The local food revolution has come to Cleveland—big time. The city now has so many community gardens, farmers markets, community-supported agriculture (CSA) subscriptions, urban farms, celebrity chefs, and local- food procurement programs that the environmental web site, SustainLane, recently ranked Cleveland as the second best local-food city in the United States. But the region has only just begun to tap the myriad benefits of local food.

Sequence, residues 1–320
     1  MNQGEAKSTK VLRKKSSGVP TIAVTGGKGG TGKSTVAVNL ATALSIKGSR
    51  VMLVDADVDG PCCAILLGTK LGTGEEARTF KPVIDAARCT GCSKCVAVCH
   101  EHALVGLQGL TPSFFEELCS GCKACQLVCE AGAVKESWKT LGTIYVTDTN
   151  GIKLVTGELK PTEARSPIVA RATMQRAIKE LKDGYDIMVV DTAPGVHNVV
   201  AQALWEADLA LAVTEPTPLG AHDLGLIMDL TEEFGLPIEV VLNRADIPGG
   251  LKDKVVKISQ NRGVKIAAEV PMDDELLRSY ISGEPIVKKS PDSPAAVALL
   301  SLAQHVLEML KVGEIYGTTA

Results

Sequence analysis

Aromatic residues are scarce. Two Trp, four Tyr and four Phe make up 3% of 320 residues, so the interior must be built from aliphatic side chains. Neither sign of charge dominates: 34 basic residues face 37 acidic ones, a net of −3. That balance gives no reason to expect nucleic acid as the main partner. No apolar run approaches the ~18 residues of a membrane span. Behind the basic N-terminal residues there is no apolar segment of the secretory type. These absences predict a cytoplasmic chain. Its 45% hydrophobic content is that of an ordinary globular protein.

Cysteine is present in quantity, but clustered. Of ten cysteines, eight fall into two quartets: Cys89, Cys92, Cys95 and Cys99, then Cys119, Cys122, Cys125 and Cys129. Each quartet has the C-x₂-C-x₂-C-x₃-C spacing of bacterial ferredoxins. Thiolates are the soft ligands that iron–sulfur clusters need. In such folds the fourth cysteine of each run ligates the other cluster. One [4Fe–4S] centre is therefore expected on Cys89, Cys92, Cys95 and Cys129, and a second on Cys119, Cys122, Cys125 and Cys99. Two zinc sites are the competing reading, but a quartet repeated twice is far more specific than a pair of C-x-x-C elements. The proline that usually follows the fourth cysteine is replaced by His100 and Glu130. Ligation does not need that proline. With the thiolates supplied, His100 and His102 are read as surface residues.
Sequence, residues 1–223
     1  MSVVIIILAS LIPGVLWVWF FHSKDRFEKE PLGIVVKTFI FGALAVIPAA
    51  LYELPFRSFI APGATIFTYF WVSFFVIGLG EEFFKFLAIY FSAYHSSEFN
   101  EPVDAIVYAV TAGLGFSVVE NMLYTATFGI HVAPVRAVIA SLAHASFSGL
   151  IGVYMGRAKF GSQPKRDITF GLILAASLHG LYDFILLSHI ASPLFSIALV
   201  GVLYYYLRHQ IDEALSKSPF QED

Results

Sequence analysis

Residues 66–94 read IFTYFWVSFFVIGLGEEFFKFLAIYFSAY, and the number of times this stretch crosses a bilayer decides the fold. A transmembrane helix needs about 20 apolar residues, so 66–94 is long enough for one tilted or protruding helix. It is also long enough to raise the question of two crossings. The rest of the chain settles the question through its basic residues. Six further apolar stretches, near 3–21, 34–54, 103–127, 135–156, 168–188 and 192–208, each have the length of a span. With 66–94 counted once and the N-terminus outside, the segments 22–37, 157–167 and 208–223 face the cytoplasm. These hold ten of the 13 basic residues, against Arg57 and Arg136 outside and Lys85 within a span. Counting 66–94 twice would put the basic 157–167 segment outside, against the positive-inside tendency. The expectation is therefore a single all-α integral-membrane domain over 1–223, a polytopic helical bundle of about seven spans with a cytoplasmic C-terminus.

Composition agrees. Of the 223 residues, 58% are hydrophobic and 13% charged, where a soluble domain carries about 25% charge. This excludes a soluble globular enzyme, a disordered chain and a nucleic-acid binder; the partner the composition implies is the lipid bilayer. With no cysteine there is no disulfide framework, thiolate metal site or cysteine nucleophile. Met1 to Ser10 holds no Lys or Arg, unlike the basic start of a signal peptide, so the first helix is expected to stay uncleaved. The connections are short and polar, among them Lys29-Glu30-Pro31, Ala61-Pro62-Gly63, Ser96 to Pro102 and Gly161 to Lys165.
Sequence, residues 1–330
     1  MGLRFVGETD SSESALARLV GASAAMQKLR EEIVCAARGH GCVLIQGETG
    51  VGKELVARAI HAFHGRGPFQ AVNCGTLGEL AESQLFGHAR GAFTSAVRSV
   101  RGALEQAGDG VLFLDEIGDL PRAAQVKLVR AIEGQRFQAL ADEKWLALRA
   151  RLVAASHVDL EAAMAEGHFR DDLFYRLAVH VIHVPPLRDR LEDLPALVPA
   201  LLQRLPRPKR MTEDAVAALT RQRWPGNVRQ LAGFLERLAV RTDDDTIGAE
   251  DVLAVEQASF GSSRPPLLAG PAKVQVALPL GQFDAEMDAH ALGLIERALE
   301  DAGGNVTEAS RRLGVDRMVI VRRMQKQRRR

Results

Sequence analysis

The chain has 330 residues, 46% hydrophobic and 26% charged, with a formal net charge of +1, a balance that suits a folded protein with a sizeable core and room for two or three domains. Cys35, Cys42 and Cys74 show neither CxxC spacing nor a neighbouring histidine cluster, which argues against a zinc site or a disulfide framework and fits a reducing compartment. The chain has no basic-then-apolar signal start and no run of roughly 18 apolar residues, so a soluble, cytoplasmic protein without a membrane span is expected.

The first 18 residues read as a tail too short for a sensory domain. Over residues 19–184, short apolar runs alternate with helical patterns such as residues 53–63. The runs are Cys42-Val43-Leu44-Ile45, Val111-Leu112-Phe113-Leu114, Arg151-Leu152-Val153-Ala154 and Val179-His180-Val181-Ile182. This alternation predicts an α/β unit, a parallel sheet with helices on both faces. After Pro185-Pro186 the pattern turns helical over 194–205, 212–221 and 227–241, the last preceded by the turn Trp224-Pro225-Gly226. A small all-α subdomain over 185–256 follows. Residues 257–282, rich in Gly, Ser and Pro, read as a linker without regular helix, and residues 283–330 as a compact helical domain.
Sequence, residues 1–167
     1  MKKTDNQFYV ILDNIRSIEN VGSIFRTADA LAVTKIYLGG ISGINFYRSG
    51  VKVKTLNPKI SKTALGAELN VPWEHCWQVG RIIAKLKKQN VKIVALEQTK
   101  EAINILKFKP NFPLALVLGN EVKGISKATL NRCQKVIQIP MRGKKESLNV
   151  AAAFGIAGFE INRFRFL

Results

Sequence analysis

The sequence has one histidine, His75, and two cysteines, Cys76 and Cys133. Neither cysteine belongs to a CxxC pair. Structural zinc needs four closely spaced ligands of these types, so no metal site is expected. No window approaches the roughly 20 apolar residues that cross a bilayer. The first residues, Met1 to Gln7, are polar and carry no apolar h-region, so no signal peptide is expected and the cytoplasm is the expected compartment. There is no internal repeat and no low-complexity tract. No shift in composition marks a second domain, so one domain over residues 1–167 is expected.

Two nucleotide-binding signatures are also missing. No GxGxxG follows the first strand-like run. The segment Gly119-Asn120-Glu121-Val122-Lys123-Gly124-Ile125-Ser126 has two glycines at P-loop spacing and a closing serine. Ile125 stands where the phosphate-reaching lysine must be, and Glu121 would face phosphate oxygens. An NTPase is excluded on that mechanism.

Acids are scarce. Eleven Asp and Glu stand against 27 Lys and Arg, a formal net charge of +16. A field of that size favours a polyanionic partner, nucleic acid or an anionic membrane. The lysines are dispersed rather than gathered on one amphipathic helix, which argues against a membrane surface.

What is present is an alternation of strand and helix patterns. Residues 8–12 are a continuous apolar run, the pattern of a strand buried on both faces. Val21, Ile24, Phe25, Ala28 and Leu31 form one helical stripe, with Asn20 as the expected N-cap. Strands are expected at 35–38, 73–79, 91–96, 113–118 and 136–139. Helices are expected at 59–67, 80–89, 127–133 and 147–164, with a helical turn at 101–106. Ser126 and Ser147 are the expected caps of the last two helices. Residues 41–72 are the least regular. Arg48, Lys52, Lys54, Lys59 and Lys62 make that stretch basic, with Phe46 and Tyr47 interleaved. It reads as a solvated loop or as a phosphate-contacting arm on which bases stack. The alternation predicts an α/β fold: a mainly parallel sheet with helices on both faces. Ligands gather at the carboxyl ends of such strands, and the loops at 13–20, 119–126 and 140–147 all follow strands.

The following study analyzes the impact of the 16-county Northeast Ohio (NEO) region moving a quarter of the way toward fully meeting local demand for food with local production. It suggests that this 25% shift could create 27,664 new jobs, providing work for about one in eight unemployed residents. It could increase annual regional output by $4.2 billion and expand state and local tax collections by $126 million. It could increase the food security of hundreds of thousands of people and reduce near- epidemic levels of obesity and Type-II diabetes. And it could significantly improve air and water quality, lower the region’s carbon footprint, attract tourists, boost local entrepreneurship, and enhance civic pride.